Bedtime story

A touching father-son moment

3 minute read
Fathersonreadtogether ts

My son Brandon will be 19 years old on April 25, 2014. I'm proud that he is turning into a happy, healthy, and intelligent young man with a wide variety of interests and a well-adjusted and positive outlook on life and the future.

Just one thing.

Why the hell can’t he still be 6?

On his last birthday, the year before he left for college, I decided to attempt to rekindle those golden days of six-year-old yore, ere he slipped away to where I can’t chloroform him and drag him home forcibly.

I thought it’d be nice one last time to read Brandon a bedtime story.

“Brandon,” said I, “I've got an idea. How about tonight I favor you with a bedtime story?”

“I’m good, Dad.”

“No, Bran. You see, this is a life experience that shortly we’ll never be able to duplicate. Plus, not to invoke guilt, I diapered you, took you to Disney World, and bought you an X-Box.”

"Okay. As long as it doesn’t take too long. Got a math test tomorrow.”

“I’ve selected a wonderful book: The Goodnight Moon by Margaret Wise Brown.”

“Dad, I believe that’s Goodnight (pause) Moon. The way you read it with the word ‘the’ and no pause makes it sound like a midnight fraternity prank from Animal House.”

“Aren’t you going to ask me something before we get started?”

“I’m good, Dad.”

“No, you see, you’re supposed to ask, ‘May I have a drink of water, please?’”

“I’m not thirsty.”

“No, you’re required to ask it! It’s part of the gestalt.”

“All right, all right! May I have a drink of water, please?”

“We have tap water, Deer Park, and Evian.”

“Dad, read the story.”

“Yeah, sure. Here goes: In the great green room, there was a telephone, and a red balloon. . . .Hey, Bran, I wonder why the characters are bunnies. Do you think Ms. Brown was trying to illustrate the oneness and commonality of all creatures great and small?”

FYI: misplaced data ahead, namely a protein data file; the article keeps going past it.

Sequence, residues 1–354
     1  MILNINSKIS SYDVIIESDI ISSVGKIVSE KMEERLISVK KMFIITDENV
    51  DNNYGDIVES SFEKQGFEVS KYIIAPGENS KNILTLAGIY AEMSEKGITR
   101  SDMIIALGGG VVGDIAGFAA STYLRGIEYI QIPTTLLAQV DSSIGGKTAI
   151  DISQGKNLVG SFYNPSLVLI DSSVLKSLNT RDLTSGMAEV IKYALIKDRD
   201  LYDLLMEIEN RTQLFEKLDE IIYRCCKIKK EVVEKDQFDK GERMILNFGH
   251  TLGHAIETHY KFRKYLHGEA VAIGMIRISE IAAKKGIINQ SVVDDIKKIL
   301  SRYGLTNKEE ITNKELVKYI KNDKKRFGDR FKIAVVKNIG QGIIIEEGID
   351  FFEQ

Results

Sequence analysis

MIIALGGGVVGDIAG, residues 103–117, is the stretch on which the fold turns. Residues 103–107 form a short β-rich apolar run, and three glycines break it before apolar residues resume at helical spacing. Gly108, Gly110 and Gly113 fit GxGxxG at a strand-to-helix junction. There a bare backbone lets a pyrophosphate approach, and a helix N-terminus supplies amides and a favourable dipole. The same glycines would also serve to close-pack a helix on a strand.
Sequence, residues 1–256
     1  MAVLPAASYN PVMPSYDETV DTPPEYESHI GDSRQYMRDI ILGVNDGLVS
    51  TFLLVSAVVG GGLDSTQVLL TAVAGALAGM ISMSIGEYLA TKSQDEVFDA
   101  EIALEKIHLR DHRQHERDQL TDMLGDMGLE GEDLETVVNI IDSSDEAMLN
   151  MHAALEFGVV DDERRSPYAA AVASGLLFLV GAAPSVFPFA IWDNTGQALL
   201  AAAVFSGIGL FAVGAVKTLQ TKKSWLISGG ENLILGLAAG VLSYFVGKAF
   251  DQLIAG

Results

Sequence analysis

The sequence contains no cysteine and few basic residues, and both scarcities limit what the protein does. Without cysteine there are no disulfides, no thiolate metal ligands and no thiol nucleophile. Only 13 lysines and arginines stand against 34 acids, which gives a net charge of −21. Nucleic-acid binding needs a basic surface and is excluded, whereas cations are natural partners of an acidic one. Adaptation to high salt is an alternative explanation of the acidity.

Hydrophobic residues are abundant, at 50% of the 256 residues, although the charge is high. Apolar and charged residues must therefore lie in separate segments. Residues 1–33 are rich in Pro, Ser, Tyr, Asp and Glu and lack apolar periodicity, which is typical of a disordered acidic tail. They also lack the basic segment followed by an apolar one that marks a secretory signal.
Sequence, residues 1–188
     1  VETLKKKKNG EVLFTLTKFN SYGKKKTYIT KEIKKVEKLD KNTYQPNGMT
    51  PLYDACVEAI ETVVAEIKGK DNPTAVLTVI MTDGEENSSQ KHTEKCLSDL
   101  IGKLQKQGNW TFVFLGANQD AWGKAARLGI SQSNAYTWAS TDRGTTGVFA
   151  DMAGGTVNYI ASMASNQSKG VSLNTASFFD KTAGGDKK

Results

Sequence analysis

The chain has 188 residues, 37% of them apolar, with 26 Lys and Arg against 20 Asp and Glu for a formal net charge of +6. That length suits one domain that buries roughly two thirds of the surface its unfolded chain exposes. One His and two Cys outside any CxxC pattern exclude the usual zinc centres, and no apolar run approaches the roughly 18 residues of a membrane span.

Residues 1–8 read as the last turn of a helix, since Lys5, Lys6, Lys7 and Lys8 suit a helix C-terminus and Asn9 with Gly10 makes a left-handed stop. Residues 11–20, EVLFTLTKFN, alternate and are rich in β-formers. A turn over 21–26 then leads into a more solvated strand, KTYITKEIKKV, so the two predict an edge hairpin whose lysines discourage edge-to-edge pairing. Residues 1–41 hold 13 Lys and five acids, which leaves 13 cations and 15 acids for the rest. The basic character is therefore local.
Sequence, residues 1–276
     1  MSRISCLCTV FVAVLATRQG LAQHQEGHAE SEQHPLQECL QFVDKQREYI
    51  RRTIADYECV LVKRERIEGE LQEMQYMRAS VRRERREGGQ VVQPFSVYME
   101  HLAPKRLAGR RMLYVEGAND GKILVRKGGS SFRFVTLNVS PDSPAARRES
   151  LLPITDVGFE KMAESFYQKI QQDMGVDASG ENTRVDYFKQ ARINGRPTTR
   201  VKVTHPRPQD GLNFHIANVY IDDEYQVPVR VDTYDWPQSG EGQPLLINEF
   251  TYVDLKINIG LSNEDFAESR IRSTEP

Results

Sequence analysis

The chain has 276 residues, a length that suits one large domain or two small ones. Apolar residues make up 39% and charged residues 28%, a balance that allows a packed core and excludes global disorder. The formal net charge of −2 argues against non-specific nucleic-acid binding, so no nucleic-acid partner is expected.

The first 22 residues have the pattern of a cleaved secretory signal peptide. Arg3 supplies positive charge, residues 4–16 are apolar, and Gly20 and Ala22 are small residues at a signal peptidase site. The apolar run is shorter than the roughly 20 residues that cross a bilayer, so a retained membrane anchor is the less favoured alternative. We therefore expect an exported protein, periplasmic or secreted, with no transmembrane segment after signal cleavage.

“I think she thought bunnies were cute, Dad.”

“Good point. And a comb and a brush and a bowl full of mush. . . .Say, Bran, did I ever make you my special lumpless Cream of Wheat?”

“Yeah, Dad. Tasted like a bowl full of mush.”

“You’ll have to try it again. . . .And a quiet old lady whispering ‘hush’. . . .Hey! Quiet old lady? I don’t like that reference! It ought to be a pensive but still lithe and attractive post-Boomer woman.”

“Dad, this isn’t a politically correct reading of Huck Finn. I think you ought to read it like it is.”

“You’re right, of course. Now where was I? Oh yeah — Goodnight moon. Goodnight cow jumping over the moon. . . .You know, that would be quite a prodigious accomplishment for a cow! Do you think Cirque du Soleil could train one to…."

“I think Cirque du Soleil is doing quite well without a cow act, Dad.”

“Yeah, probably. Goodnight stars. . . .Why, that sounds like Peter Marshall at the end of the nighttime version of Hollywood Squares. Ha, that Charley Weaver!”

“Dad. Math test tomorrow.”

“You're right, you're right, just trying to lighten things up. Goodnight nobody. Goodnight mush. . . .Now why would anybody say ‘Goodnight nobody?’ I’d get about as much response as I do on Twitter!”

“Dad, please. Could we just move on?”

“Sure, Brandon! And Goodnight noises everywhere ... The End."

“Very nice, Dad. Goodnight.”

“Uh, Bran?”

“Yeah, Dad?”

“My knees are kind of a little stiff right now.”


“May I have a drink of water, please?”

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